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Getting Better Sleep During Menopause

By: Ian Murnaghan BSc (hons), MSc - Updated: 19 Sep 2012 | comments*Discuss
Menopause Sleep Sleep Deprivation Bms

During the menopausal transition, a number of women find that they suffer from sleep problems, even when they never had any issues with sleep problems prior to this change of life. If you have previously struggled with sleep problems, then menopause can be a veritable nightmare as your sleep becomes even more troubled. You should not feel alone if you do find you struggle with insomnia, because it is a key symptom affecting women's health during menopause.

For most women, insomnia will show by their inability to sleep properly through the night. Some women find that they wake up very early in the morning and are unable to get back to sleep. This kind of awakening can actually happen when a woman suffers from a night sweat, which is another symptom of menopause. This awakening can even happen before a night sweat occurs. You might wake up with a pounding feeling in your chest and a feeling of anxiety, with no identifiable reason. For other women, however, there may be no specific reason they can pinpoint regarding their early awakenings.

Natural Remedies for Better Sleep

Anything from yoga to deep breathing exercises to acupuncture can help a woman if it relaxes her emotions and busy mind. For some women, they are so overwhelmed with the hectic aspects of each day that their insomnia occurs from psychological reasons rather than the physical symptoms of menopause. The goal here is to find a way to relax that works for your mind and body. Be open to trying different things in your quest for a better night's sleep.

Consider herbal teas such as chamomile as well, which is thought to be calming and relaxing. Make sure you reduce or eliminate stimulants such as caffeine. Melatonin is not available in Britain but if you can access it, the hormone is thought to naturally help improve sleep quality.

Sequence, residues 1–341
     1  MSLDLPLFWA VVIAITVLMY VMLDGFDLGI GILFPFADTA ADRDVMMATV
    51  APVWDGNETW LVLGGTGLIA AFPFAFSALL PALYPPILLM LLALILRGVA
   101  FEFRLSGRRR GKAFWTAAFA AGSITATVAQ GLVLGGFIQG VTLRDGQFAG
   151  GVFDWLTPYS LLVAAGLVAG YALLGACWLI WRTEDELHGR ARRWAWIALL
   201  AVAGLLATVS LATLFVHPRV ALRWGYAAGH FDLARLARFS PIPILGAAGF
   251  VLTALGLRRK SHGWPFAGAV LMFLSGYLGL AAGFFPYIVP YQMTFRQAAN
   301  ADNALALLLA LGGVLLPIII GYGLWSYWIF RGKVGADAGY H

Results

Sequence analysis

Other relaxing herbs are valerian root and kava kava. Nutritionists suggest eating a calcium rich food before bedtime to facilitate better sleep – the other benefit being that calcium protects your newly vulnerable bones due to the decrease in oestrogen that occurs during the menopausal transition.

Embrace Healthy Sleeping Habits

Basic, good sleeping habits are important to follow as well. This means avoiding alcohol, keeping the bedroom cool and dark and also scheduling bedtime for a reasonable hour. It can help to avoid doing any work or reading in the bedroom, which means limiting any non-sleep activity to other rooms in the home. Exercise is another approach for improving your sleep, although it's best not to do it near bedtime because in this case, it can keep you awake.

There are sleeping tablets – both over-the-counter and prescription strength medications – but these are best taken under the guidance and supervision of your doctor. These kinds of treatments are not recommended for long-term use, particularly because they can cause rebound effects such as increasing your insomnia.

Finally, some women may fare well by simply accepting that the menopausal transition is affecting their sleep and causing some level of sleep deprivation. Rather than worry about their sleep patterns, which can cause even more insomnia, it might help to use these late hours wisely. This can mean that you do relaxing things such as watching a favourite comedy on television or having a warm bath. As your hormone levels balance out, you may find that your sleeping problems manage to sort out on their own.

Better Sleep Means A Better Menopausal Transition

It can be easy to disregard poor sleep and sleep deprivation by focusing only on the other major symptoms of menopause, but don't be too hasty with ignoring your poor sleep quality.

If you don't get a good night's rest, your body and mind will only suffer the next day, which can exacerbate other menopausal symptoms and leave you ill-tempered and struggling to cope with your life. You can try some of the more natural methods of improving sleep but if the problem is a challenging one, it's wise to see your doctor.

You can also look at the website for the British Menopause Society (BMS). The BMS has some useful information on menopause and sleep problems. In this way, you can have access to all of the available treatments for insomnia, which means more time to focus on a positive transition through menopause.

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